March 22, 2020
This month we depart from our usual routine of taking up one of the four yogas for detailed study. Instead, we are introducing a parallel tradition of spiritual unfoldment, as taught by don Juan Matus. A Yaqui Indian, don Juan was a brujo of the Toltec lineage. Our second talk in this 4-part series is this Sunday.
A brujo or bruja is a person who is in command of power. An accomplished raja yogi could be called a brujo — yet, as we’ll see, the comparison is approximate. Don Juan Matus was a great brujo and had many apprentices. One of them was Carlos Castaneda, who wrote several books about his time with don Juan. For these talks, we’ll draw from Castaneda’s Journey to Ixtlan.
Castaneda says a (brujo’s) basic premise is that the world of everyday life is not real, or out there, as we believe it is. For a brujo, reality (the world we all know) is only a description — our day-to-day life consists of an endless flow of perceptual interpretations which we have learned to make in common.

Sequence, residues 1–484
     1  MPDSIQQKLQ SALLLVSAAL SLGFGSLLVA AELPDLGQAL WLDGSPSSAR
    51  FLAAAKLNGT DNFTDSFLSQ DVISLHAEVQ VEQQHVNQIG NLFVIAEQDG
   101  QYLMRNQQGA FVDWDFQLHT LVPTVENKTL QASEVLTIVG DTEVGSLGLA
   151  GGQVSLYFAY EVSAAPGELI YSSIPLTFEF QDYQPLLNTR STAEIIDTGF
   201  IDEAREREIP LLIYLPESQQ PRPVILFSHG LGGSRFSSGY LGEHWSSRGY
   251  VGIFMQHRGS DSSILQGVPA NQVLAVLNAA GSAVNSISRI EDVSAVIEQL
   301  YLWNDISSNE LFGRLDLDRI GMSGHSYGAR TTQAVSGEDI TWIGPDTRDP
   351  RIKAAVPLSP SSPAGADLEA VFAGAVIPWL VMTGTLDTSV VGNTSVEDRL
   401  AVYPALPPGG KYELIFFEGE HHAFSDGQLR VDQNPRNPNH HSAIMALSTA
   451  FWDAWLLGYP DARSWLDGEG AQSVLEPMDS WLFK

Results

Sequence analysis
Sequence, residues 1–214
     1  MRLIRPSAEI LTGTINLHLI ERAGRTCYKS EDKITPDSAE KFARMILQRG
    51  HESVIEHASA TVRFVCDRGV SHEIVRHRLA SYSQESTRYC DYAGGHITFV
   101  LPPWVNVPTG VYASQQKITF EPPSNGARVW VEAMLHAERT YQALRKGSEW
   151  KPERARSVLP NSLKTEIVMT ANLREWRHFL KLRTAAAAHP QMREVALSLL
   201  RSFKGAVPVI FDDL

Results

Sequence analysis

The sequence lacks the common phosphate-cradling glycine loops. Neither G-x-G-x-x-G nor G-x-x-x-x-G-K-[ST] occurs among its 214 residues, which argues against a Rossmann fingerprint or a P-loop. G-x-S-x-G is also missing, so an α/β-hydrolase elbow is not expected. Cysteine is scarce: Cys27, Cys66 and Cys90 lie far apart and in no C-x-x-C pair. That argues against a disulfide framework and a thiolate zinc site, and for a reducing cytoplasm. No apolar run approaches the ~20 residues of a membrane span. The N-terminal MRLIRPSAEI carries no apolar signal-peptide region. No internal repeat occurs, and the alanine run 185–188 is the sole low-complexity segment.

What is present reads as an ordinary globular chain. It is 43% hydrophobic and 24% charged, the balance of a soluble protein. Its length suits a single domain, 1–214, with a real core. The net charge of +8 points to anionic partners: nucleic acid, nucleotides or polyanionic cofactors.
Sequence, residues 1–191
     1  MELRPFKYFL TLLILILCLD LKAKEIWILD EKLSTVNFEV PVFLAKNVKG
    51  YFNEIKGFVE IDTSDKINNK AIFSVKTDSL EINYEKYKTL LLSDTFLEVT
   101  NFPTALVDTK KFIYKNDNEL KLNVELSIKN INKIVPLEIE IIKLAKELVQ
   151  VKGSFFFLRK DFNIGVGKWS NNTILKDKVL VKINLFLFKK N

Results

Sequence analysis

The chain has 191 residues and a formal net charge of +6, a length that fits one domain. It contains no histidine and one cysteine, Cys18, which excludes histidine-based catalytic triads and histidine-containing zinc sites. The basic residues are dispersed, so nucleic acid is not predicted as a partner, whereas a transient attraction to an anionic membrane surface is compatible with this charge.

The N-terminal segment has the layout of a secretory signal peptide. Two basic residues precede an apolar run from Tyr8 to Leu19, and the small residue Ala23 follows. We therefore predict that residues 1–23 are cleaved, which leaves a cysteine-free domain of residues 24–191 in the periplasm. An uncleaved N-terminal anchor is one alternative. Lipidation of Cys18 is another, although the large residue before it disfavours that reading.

Don Juan taught his apprentices how to overcome the limitations of that description; he called this achievement “stopping the world.” This idea is not new to us. In the Mandukya Upanishad it is spoken of as the “cessation of all phenomena” (Mantra VIII). And in Patanjali’s Yoga Sutra the goal is kaivalya — independence, through detachment from all thought forms.
Patanjali starts a yogi’s journey to kaivalya with yamas and niyamas (restraints and observances); they are the first two of his eight “limbs” of yoga. Don Juan’s apprentices also practiced a system of restraints and observances as they learned to “stop the world.” This Sunday morning we’ll explore the physical and spiritual disciplines that began Castaneda’s journey to Ixtlan.
Castaneda, Carlos. Journey To Ixtlan. Washington Square Press.